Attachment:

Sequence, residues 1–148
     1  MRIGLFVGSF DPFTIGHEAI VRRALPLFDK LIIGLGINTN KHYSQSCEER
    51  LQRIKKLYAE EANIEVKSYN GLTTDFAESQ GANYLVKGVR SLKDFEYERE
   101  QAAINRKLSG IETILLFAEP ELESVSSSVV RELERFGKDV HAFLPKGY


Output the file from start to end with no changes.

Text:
Sequence, residues 1–148
     1  MRIGLFVGSF DPFTIGHEAI VRRALPLFDK LIIGLGINTN KHYSQSCEER
    51  LQRIKKLYAE EANIEVKSYN GLTTDFAESQ GANYLVKGVR SLKDFEYERE
   101  QAAINRKLSG IETILLFAEP ELESVSSSVV RELERFGKDV HAFLPKGY